Holding out hope for kickoff returns

Minnesota's Percy Harvin and Green Bay's Randall Cobb both returned kickoffs for touchdowns in Week 1. Getty Images

Stop wringing your hands. Put away your shovels. It's not quite time to bury the kickoff return, at least not in these parts.

NFC North teams returned two kickoffs 100-plus yards for touchdowns in Week 1, making it difficult -- at least for the moment -- to gauge the true impact of a new rule that moved kickoffs up to the 35-yard line. We have all assumed that returns would be diminished, but in one week the NFC North matched its combined 2010 total.

So what do we make of Green Bay Packers rookie Randall Cobb and the Minnesota Vikings returner Percy Harvinboth taking it to the house in Week 1? How do we reconcile the fact that 54.5 percent of kickoffs in our games (24 of 44) went for touchbacks while also accepting that the 20 returns included efforts of 108, 103, 78 and 57 yards?

Was it a Week 1 fluke that will even out over time? Or did we learn an important lesson right out of the gates?

For what it's worth, I'm going to take the latter position. Here's what Week 1 told me: Don't allow your opponent to neutralize a dynamic returner if you have one. You can't take every deep kick out of the end zone, but any hard-and-fast rule about bringing it out might give too much respect to the new rule.

Many of us have overlooked the potential impact of a secondary portion of the change. Yes, kickers are 5 yards closer to the end zone and coverage teams have 5 less yards to account for. But cover men also are limited to a 5-yard head start before the kick, and I don't think we fully understand yet how much impact that limitation will have.

It's worth considering, at least, that overreacting to the new rule is a bigger mistake than ignoring it.

Consider Cobb's return (via NFL.com), which began 8 yards deep in the end zone and directly violated the Packers' standard of accepting a touchback on anything 5 yards or deeper in the end zone. Two Saints cover men were close to converging on him at the 10-yard line, but one was blocked and the other couldn't slow down in time to get in position for a tackle.

No one touched Cobb, in fact, until he reached the Saints' 30-yard line. After some help from teammate John Kuhn, Cobb rebalanced himself and won a footrace over the final 70 yards for the score.

I suppose there are multiple ways to evaluate that play, but I looked at it and saw two lead cover men whose acceleration and deceleration were altered by the new positioning. I saw a superior athlete outrun the rest of the group, and I saw a play that could happen again if provided the right opportunity.

Now take a look at Harvin's return. As with Cobb, you see a member of the Chargers coverage team reach him at the 10-yard line. But Darrell Stuckeywas still in full sprint when he got to the 10 and was in no position to break down and make a tackle. Stuckey's miss gave Harvin an opportunity to reach full speed, and the advantage switches to the returning team when an elite open-field runner gets to that point.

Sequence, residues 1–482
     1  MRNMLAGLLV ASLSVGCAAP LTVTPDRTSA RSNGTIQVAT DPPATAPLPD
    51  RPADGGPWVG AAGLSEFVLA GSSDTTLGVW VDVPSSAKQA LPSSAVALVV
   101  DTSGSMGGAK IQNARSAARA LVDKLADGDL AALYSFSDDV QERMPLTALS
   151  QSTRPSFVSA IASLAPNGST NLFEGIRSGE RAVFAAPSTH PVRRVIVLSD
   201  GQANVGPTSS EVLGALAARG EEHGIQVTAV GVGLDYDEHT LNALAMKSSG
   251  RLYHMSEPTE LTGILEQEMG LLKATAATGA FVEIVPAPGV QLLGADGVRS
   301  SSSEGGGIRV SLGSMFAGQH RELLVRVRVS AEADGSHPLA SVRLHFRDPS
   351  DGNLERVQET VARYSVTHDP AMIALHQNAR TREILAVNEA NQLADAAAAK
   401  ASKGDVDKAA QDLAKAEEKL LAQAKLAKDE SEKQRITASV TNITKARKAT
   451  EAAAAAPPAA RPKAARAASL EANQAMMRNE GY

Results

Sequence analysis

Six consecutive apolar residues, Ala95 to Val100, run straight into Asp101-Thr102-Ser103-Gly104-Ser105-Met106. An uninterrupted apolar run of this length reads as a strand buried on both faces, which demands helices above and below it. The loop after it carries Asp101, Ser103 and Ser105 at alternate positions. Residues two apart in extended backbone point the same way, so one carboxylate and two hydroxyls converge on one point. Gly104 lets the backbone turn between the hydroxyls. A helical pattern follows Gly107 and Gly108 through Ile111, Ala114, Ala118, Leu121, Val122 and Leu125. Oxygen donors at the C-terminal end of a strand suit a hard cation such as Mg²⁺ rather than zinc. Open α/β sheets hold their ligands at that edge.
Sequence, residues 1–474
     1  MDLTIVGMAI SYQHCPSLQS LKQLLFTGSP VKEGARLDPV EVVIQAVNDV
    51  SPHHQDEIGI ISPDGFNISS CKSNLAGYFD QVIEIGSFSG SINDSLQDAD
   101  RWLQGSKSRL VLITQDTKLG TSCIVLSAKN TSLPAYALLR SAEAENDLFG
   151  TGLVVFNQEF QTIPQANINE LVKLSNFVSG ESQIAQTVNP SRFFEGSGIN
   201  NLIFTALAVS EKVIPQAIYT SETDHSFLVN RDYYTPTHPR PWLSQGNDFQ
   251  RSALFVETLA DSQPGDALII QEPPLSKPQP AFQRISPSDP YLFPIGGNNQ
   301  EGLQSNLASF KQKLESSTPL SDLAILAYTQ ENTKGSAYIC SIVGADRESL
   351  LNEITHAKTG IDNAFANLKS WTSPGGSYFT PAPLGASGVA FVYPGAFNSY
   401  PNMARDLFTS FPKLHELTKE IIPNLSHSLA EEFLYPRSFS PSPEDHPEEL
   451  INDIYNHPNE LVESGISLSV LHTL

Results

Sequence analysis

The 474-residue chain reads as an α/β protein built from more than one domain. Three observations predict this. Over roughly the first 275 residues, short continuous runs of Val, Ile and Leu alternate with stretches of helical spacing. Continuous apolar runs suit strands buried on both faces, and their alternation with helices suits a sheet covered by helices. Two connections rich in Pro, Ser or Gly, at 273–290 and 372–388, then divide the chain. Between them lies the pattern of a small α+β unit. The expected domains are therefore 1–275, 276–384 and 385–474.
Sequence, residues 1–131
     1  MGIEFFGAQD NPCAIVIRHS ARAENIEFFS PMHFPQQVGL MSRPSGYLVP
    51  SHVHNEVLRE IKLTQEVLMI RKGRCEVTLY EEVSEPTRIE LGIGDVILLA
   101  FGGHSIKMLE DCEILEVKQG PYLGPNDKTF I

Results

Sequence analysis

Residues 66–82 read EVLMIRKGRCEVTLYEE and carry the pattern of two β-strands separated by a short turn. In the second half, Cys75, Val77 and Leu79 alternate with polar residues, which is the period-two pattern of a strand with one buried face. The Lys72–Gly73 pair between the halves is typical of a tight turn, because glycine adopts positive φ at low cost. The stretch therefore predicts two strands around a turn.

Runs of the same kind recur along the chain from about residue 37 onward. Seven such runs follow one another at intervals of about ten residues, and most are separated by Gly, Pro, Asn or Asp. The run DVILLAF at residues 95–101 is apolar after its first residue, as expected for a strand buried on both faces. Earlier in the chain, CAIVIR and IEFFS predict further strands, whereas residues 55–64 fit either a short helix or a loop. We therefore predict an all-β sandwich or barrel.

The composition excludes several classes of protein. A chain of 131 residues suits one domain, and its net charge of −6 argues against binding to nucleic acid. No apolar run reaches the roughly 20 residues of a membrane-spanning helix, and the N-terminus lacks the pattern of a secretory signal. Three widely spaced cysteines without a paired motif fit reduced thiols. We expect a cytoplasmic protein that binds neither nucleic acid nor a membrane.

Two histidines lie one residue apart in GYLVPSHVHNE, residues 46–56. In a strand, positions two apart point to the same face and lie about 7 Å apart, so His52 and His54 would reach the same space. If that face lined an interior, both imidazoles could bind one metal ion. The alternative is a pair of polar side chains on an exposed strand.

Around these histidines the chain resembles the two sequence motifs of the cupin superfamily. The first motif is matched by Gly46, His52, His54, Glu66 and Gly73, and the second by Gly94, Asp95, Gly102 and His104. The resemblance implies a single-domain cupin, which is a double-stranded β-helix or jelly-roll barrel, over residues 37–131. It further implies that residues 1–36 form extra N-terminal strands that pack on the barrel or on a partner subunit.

Look, I'm not purporting to be a special-teams expert here. I'm just suggesting there are many ways to view this issue. All four NFC North teams have potentially elite returners when you add the Chicago Bears' Devin Hester and the Detroit Lions' Stefan Logan to the mix. Allowing opponents to dictate their exclusion from the game would seem an overreaction to me. I'd like to see them return more kicks, not less, and at least see what happens.

Harvin, for one, said he knew he had a touchdown the moment he reached full speed. Cobb, meanwhile, acknowledged that coaches weren't happy he brought out the kick and made a point to note he didn't do it again. But to me, his touchdown return was an argument for the opposite: Allowing a game-breaking returner the flexibility to take back a kick from any point in the end zone.

"You've got to make the most of your opportunities and the chances that you do get," Cobb said.

I agree.

The risk, of course, is getting tackled inside the 20-yard line, where a touchback would otherwise be marked. The second chart notes where each NFC North team opened its average drive after kickoffs in Week 1. Predictably, they were all over the map. The Atlanta Falconsmostly bottled up Hester, while the returns of Cobb and Harvin inflated the numbers for Green Bay and Minnesota, respectively.

Those figures will balance over time. But don't you think Hester and Logan will eventually pop a big one? And would you exchange such a big play for a few drives starting inside the 20-yard line?

The latter obviously didn't hurt the Bears' offense Sunday. Five of their scoring drives started between their 8- and 28-yard lines.

It's quite possible that by the end of this season, all of our fears about the kickoff rule change will be realized. Maybe we've seen all we're going to see. But Week 1 told us not to give up quite yet.

In recent history, based on the excellent database over at pro-football-reference.com, teams that have return a kickoff for a touchdown win two-thirds of the games in those instances. Obviously, the NFL average winning percentage is 50 percent. If there is a play available that can substantively add to your chances of victory, wouldn't you look for every way possible to preserve it?